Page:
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Trekking pole or walking stick?

Why do you think some people with mobility issues use trekking poles  instead of a traditional walking stick?

Some people think a trekking pole is a weapon. With some of them, you can remove the rubber end to reveal the sharper metal tip. This exists for those who use trekking poles as trekking poles on grassy land or mud.

But many people with conditions like MS who have issues with balance, fatigue, dizziness or maybe even pain, use them because we are on a sharp upward trajectory in our journey towards acceptance of the condition we have been afflicted with. So we might use the trekking poles to mask the fact that we need support for our walking.

We also might use them because we need them to bear our weight when we feel fatigued, and the modern aluminium poles feel more sturdy than wooden sticks.

We might also use them because some of the trekking poles are height adjustable and sometimes we need them higher up to support our balance, whilst at other times we need them lower down to support our weight.

Sometimes we might use the poles as a subtle but clear way of letting others know that we have mobility issues – that we can’t swerve out of their way, or we might fall on to them. But this is less and less useful nowadays as so many people don’t look at where they are going anyway.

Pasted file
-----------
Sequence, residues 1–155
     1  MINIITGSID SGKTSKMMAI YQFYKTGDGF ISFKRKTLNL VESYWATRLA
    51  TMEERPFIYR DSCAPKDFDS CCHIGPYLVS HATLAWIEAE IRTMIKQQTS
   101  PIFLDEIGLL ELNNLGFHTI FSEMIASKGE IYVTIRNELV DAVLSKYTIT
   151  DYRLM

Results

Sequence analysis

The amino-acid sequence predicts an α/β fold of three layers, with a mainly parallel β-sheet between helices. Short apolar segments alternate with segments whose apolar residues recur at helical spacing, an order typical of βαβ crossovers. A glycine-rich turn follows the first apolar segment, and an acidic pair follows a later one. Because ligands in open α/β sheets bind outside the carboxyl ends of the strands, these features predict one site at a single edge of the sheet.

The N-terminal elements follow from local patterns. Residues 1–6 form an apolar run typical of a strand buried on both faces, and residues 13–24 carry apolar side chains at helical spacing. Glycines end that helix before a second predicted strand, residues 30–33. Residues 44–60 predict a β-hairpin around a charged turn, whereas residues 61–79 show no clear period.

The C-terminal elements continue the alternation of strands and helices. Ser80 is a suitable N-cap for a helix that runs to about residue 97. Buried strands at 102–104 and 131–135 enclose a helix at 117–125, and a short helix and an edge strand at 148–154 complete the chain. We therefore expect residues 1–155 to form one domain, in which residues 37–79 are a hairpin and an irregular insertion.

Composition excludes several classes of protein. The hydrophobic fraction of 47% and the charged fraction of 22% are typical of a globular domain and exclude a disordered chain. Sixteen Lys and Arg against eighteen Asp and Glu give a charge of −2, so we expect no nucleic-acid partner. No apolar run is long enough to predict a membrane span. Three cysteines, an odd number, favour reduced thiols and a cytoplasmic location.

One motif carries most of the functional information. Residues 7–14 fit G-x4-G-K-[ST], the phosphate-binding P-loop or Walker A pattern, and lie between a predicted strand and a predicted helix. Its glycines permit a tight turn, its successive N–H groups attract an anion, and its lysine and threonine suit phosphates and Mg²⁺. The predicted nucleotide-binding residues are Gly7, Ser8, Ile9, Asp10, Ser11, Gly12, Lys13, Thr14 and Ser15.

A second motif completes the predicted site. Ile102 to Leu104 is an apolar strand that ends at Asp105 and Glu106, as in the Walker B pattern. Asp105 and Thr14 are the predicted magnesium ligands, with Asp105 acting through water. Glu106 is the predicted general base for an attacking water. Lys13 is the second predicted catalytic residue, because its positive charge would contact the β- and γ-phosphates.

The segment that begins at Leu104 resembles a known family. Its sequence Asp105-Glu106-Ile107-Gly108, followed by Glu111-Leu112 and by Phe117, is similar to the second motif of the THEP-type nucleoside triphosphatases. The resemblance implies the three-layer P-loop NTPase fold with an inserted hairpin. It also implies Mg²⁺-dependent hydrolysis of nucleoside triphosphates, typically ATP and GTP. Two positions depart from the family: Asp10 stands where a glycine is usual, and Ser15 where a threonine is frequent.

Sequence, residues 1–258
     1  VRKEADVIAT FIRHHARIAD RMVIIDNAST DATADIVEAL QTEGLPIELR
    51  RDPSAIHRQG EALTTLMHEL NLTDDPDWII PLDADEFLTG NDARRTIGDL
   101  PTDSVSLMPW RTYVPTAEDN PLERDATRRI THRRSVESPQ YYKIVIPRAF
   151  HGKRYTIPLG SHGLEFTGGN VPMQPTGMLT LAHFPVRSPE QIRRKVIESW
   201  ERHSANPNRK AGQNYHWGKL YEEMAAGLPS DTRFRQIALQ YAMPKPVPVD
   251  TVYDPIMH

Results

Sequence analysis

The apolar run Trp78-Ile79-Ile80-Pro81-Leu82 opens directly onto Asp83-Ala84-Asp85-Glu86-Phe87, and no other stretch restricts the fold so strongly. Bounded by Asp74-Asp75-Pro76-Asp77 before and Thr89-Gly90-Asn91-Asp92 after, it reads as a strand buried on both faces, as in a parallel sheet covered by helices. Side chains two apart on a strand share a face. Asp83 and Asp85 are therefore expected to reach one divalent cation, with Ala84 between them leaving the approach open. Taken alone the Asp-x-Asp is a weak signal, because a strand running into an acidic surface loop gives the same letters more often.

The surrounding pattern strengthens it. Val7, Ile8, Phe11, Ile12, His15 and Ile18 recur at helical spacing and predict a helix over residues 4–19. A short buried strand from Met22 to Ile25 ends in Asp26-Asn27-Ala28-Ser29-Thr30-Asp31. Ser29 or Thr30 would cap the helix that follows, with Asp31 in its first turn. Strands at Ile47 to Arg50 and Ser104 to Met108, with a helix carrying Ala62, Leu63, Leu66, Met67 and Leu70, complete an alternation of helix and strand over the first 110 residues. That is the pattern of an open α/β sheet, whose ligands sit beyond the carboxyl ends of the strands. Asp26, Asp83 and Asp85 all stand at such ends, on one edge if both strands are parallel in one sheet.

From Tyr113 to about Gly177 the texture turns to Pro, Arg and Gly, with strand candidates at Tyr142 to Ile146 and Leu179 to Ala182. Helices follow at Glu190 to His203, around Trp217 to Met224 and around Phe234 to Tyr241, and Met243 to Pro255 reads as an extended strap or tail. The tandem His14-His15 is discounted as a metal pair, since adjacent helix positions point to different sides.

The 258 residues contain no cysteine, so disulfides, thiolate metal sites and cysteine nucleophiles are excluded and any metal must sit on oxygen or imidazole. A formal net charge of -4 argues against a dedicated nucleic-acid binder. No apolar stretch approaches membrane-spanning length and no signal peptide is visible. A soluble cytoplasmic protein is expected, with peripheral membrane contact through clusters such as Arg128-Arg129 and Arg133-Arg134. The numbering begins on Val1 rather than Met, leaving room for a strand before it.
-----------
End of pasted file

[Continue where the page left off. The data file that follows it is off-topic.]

At other times we might use them as a way of gaining some extra personal space so that if we do stumble or fall, we are less likely to land on another person.

Why do I share this? Because this is the kind of thing that we folks with conditions like MS find really difficult – for a whole host of reasons like the one I’ve touched on above – to explain to others. Not only is MS a complex condition, but it invokes a complexity of emotional responses in us who are dealing with it on a daily basis.

And just to complicate things, some of us with MS when it is not yet too visible, might actually use the trekking poles as …. Trekking poles for hiking.


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